For the process itself, I'm not going to get into amounts, because that's more than I want to do right now to be honest, lol. I'll note that H.H. Cousins was pretty flippant with his terminology use, like ethers for esters, and lees for thumper-backset, the liquid you start with is the "waste liquor" from the thumpers, of which they would use between 1 and 3 (usually 2), I will refer to it as backset, since I don't want to conflate it with dunder(stillage) or muck. Finally, he mentions "high wines", which seem to be talking about the tails fraction. Specifically, the 2 thumpers at the end of the run would have "low wines" or low alcohol tails in first thumper, and "high wines" or high alcohol tails in the second thumper. So high alcohol tails is the "high wines", although I imagine in most of our cases, it would just be tails period, since I doubt many have 2 thumpers.

Okay, so now onto the process. It's a pretty simple process, but I made it sound more complicated than it is by explaining the chemistry that is happening.

1.  First thing is to create the fatty acid salts from an alkaline substance (alkalines are bases that are water soluble), and a fatty acid ester. They do this by mixing the calcium hydroxide into the thumper backset (from all thumpers), which disassociates (separates) into 1 calcium ion (Ca2+) and 2 hydroxide ions (-OH). One hydroxide ion will tear an ethyl group (CH3CH2) away from that ethyl caprylate and bond with it, creating ethanol (CH3CH2OH). So that turns the ethyl caprylate into caprylic acid. Immediately after that happens, the second hydroxide will attack the caprylic acid, tearing a hydrogen off the OH group on the end of the molecule creating a caprylate ion, leaving a free negatively charged oxygen ready for something positively charged to attach itself, and that positively charged thing is the calcium ion, at the same time as that calcium is attaching itself, the hydroxide bonds with that torn hydrogen and is turned into water. Technically speaking, since the calcium ion has a charge of 2+, and the oxygen is only 1-, than 2 caprylate ions will join with that 1 calcium. It looks like the following image (courtesy of PubChem).


2. So now you have your fatty acid salt. These long chain fatty acid salts aren't all that water soluble, so it precipitates out of solution. You are supposed to collect them up by evaporating almost all of the liquid, and then remove it from the container and dry it out with gentle heat, or just in the air.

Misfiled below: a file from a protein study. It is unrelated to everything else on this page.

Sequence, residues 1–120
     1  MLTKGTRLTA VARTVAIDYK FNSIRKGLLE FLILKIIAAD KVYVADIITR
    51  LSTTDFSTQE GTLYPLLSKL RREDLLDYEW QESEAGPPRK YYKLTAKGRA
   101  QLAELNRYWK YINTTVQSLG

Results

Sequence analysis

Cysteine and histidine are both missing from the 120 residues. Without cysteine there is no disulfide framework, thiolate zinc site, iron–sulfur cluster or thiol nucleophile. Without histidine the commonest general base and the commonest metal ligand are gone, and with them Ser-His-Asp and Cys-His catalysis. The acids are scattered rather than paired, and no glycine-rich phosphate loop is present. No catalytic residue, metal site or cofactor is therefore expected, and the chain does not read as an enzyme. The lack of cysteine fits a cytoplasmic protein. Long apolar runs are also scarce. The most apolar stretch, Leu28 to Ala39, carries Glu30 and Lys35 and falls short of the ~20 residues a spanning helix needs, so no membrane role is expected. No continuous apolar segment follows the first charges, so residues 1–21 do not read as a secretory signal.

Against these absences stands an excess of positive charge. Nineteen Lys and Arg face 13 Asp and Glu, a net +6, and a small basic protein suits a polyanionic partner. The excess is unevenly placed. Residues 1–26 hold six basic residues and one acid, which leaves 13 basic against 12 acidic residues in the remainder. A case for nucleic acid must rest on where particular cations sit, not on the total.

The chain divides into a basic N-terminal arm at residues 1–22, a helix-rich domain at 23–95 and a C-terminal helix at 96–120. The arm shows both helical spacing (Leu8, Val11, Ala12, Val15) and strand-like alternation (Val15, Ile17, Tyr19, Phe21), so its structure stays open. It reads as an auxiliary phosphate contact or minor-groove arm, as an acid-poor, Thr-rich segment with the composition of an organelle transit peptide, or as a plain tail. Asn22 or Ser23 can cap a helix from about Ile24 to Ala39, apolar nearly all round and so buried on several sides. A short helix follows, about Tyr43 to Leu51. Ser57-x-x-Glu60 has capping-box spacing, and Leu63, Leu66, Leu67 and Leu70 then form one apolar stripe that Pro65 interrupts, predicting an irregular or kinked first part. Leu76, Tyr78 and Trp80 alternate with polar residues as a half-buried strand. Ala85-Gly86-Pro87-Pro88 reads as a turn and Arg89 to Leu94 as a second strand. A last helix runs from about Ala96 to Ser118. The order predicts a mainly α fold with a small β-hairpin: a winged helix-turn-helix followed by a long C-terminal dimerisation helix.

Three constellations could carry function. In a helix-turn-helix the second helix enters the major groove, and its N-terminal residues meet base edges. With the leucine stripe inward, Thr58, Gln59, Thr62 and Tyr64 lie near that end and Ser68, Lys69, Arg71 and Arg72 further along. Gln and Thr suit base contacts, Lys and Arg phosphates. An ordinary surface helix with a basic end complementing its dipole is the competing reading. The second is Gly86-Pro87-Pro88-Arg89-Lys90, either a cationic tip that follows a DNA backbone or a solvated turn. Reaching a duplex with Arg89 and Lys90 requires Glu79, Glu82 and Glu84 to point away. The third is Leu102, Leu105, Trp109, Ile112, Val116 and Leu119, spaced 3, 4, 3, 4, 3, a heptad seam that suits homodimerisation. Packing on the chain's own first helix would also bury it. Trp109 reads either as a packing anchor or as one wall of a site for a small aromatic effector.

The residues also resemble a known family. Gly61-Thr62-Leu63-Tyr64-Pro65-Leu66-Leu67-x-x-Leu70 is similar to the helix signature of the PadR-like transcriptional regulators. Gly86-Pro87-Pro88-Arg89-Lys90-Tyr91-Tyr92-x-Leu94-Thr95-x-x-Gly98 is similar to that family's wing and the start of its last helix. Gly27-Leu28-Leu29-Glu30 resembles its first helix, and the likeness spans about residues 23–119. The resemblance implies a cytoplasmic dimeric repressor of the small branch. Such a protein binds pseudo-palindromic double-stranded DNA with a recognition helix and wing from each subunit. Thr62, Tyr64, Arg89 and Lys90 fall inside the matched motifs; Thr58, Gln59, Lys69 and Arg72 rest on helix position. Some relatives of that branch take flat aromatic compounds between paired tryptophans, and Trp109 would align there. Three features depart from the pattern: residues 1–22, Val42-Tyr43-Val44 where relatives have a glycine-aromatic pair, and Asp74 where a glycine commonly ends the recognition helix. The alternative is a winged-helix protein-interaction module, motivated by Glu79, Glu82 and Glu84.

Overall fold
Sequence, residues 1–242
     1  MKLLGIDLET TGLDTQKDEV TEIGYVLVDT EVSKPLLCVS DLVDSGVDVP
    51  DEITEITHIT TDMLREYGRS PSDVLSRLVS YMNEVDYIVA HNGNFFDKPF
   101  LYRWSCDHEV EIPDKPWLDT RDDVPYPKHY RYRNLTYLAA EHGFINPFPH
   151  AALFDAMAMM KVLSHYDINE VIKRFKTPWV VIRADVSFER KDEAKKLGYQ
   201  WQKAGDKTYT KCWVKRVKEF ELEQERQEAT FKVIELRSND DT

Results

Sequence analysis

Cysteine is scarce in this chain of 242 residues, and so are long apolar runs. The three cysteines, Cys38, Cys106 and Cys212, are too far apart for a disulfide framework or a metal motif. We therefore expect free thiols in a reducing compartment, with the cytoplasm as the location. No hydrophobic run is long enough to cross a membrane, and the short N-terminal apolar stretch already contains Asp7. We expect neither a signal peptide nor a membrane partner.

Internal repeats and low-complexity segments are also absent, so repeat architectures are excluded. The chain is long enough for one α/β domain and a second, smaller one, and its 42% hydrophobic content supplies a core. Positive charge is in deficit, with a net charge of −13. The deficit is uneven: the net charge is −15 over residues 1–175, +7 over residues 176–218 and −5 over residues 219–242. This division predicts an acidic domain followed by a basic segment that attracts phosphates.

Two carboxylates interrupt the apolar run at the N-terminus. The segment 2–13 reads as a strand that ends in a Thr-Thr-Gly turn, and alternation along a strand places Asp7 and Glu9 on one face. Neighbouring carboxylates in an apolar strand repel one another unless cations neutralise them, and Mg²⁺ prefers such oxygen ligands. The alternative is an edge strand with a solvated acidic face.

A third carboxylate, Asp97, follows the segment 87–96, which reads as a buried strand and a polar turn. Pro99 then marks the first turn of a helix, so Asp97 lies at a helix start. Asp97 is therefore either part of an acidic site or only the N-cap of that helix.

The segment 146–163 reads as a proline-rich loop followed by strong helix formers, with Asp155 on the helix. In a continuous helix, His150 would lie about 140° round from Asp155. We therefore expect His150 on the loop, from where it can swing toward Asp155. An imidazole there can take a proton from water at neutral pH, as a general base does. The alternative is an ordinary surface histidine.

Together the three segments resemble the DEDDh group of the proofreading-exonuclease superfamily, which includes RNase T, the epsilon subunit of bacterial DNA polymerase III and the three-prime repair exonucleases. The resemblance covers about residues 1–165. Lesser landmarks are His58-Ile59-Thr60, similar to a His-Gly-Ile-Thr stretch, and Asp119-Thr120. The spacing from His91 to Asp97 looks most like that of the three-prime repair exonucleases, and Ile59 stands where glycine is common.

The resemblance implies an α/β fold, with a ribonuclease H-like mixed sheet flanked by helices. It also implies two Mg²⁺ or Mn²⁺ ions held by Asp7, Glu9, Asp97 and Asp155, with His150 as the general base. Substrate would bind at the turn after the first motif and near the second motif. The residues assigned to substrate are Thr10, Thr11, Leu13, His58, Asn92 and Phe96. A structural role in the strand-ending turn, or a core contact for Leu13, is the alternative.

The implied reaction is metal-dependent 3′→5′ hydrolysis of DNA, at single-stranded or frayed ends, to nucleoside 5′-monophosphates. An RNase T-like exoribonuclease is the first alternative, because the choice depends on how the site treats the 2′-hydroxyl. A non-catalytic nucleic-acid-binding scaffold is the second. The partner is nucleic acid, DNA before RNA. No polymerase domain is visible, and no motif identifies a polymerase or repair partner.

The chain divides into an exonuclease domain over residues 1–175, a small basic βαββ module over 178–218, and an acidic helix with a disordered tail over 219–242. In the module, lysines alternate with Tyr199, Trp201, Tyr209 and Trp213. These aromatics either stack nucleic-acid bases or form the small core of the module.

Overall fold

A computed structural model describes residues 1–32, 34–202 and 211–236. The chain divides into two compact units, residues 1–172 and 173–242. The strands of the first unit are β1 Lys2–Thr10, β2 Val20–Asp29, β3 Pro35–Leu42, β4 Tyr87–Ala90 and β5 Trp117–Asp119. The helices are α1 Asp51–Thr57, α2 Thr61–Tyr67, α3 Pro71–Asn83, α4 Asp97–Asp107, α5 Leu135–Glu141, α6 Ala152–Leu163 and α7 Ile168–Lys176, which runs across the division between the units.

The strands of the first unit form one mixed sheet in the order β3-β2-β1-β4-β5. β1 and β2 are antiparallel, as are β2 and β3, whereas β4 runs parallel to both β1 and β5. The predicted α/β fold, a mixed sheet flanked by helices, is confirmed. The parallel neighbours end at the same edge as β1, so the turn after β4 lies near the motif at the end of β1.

3. You are then supposed to mix your high wines (high alcohol tails), the fatty acid salts from step 2, and the sulfuric acid together. So what happens here. The sulfuric acid (H2SO4) will disassociate in the rum wash, you'll have 2 free hydrogen (2H) ions and 1 free sulfate (SO4) ion floating around (for every molecule of sulfuric acid). The 2 hydrogen ions will break the bonds between the caprylate and the calcium, and replace the calcium while freeing it, turning the caprylates back into 2 individual caprylic acid molecules. That free calcium ion will then bond to the free sulfate ion from the sulfuric acid, creating calcium sulfate which isn't very soluble in water or ethanol and should mostly precipitate out. You end up with the fatty acid caprylic acid, and calcium sulfate, if everything went perfectly. That fatty acid is intended to react with ethanol when distilling to make more ethyl caprylate. The process also performs a calcium chloride titration test to determine if the right amount of sulfuric acid was used, and tells you what to do if you are over or under.

This is what I believe is happening chemically, especially with the longer carbon chained fatty acid salts (6 carbons and up), since they aren't super soluble in water. The chemistry for the shorter ones might be a bit different, only insofar as they are more ionically bonded and less covalently bonded, so when they dissolve they naturally disassociate (e.g. calcium acetate is a short chain fatty acid salt, the calcium and acetate would separate on its own when put in water) so the acid doesn't need to tear the carboxylate away from the alkali ion. The outcome is the same though, so it doesn't really matter, but I thought I'd mention it.

I hope people understand what I just wrote, lol. I tried to simplify it as much as I could.

But it does work, sulfuric acid is strong enough to break that alkali-carboxylate bond in the fatty acid salt. I haven't done this specific Cousins process before, but I have done everything that happens in this process in other ways, including turning fatty acid salts back into fatty acids.